British investors have not been spared the cruelty of fraudulent scams involving digital assets and forex. Britain’s financial regulator, the Financial Conduct Authority (FCA), released a press statement on May 21 highlighting that local investors were swindled out of more than £27 million ($34 million) in investments involving cryptocurrencies and forex in 2018/19.

The number of fraudulent reports tripled to 1,834 in the last financial year from 530 in the 2017/18 financial year. The report reveals that the average loss is £14,600.

Same Old Story

There was nothing new or innovative about the scams as the fraudsters resorted to the tried-and-tested method of promoting their “get-rich-quick” schemes on various online platforms. The scammers “make-up” fake celebrity endorsements of their products in order to lure unsuspecting investors who are drawn by images of luxury items that include vehicles and expensive watches.

These fake posts are then linked to professional websites where investors are urged to invest in fraudulent investment schemes.

Just like all Ponzi Schemes, the investors are made to believe that their initial investment matured. The scammers convince the victims to invest more money and introduce friends and family in return for great payouts. It may work for some time while the scammer collects more money. The returns stop coming eventually, and the company vanishes in thin air without any notice, leaving the investors stranded.

Tackling Fraudulent Cryptocurrency Schemes

The FCA has partnered with Action Fraud, a consumer fraud helpline in an effort to combat the rising number of cryptocurrency and forex scams. The two organizations are running an advertising campaign to warn the public about such scams, how to spot them, and obviously stay away from them.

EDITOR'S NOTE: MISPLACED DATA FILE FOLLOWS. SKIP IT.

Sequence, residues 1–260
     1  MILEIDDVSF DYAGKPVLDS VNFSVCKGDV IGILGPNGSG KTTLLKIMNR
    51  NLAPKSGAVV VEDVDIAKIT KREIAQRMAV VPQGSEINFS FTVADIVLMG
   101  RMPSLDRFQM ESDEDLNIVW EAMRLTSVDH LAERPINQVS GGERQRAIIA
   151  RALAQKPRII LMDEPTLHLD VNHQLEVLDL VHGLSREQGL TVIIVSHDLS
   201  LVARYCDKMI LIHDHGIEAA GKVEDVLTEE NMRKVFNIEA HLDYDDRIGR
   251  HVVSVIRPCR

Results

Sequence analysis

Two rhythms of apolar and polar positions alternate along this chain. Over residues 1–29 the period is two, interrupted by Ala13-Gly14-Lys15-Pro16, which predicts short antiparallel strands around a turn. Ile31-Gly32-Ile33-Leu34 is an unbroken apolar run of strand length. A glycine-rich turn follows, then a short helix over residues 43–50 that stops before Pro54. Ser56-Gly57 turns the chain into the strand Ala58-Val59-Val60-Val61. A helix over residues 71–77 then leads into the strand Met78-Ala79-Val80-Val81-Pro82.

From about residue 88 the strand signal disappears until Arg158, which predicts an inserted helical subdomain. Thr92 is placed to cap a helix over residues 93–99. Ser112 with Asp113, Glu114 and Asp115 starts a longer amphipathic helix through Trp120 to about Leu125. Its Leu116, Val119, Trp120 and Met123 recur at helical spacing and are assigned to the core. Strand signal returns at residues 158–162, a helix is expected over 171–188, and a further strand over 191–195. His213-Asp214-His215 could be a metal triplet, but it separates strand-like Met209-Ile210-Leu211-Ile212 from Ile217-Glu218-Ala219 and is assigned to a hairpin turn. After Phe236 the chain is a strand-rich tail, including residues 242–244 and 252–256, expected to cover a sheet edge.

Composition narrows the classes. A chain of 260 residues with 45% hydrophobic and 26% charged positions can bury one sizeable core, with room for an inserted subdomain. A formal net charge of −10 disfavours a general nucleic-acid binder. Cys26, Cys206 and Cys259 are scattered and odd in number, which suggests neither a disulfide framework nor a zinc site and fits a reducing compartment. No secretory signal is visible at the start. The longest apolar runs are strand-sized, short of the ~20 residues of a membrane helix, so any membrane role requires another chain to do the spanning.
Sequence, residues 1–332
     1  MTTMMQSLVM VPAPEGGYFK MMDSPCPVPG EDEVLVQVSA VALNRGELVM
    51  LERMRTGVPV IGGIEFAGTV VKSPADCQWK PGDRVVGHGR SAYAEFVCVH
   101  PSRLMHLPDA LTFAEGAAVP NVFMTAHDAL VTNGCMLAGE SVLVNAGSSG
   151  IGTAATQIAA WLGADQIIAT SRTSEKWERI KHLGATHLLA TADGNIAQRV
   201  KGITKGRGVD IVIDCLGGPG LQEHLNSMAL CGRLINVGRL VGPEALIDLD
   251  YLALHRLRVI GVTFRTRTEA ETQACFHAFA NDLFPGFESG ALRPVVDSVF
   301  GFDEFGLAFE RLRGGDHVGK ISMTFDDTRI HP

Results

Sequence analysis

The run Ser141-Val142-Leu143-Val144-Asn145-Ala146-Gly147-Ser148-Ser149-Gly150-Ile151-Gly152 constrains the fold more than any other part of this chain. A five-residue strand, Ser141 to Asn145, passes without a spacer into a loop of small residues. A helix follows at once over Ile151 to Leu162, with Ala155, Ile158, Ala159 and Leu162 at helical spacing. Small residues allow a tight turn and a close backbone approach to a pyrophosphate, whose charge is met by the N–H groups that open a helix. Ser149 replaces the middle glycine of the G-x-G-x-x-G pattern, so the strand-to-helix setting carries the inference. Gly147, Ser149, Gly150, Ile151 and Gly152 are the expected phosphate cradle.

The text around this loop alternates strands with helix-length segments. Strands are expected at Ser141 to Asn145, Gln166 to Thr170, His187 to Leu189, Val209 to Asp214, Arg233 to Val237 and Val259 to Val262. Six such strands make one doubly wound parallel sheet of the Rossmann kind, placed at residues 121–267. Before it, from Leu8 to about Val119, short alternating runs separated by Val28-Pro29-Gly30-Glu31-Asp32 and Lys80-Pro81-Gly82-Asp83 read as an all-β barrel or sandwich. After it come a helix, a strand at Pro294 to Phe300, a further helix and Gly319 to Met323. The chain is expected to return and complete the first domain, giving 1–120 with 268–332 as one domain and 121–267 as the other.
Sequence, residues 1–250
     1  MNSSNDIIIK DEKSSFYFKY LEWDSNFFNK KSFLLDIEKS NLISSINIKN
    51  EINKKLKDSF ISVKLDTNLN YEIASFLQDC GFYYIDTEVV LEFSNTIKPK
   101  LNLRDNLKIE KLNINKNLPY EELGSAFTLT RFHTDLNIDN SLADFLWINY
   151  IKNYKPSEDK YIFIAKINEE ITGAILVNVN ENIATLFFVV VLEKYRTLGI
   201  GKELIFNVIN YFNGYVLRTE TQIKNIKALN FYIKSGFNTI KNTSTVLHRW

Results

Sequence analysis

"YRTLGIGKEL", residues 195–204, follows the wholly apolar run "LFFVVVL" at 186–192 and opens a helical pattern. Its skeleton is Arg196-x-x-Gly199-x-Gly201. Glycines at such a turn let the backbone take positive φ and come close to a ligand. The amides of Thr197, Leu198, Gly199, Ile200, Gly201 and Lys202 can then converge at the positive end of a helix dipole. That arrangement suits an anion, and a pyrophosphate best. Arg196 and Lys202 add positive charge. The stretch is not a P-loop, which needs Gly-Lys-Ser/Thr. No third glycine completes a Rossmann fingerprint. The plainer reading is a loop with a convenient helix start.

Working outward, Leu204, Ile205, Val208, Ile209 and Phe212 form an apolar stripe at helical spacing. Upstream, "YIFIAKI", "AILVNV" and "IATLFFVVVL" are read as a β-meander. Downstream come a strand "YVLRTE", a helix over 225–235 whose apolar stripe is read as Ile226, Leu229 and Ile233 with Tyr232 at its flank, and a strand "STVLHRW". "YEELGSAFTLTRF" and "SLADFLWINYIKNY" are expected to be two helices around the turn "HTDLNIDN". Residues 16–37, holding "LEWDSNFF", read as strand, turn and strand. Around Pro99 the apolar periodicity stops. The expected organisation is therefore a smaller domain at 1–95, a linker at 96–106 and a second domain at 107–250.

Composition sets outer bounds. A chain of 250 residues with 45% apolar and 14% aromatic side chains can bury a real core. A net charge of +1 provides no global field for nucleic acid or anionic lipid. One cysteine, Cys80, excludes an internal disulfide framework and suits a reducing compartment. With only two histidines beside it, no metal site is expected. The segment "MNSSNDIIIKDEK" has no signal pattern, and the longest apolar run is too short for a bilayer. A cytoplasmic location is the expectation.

Action Fraud Director Pauline Smith said:

“These figures are startling and provide a stark warning that people need to be wary of fake investments on online trading platforms. It’s vital that people carry out the necessary checks to ensure that an investment they’re considering is legitimate.”

Smith added that Action Fraud is happy to be partnering with the FCA to help people to be aware of online scams.

“We’re warning the public to be suspicious of adverts which promise high returns from online trading platforms,” said FCA’s executive director of enforcement and market oversight Mark Steward.

Steward said that scammers are very convincing. He wants would-be-investors to do their own due diligence before making investments online. He added that people could protect themselves by visiting the ScamSmart website before investing or just stay away from such programs if in doubt.

The press statement offered these tips on how to stay safe:

  • People should not assume that even professional looking websites are real. Investors need to be wary of criminals who use names of popular brand or individual in order to gain credibility.
  • Investors should scrutinize investment offers made through cold calling or via social media
  • Investors should deal with firms regulated and licensed by the FCA.
  • Report cases of fraud or cybercrime.

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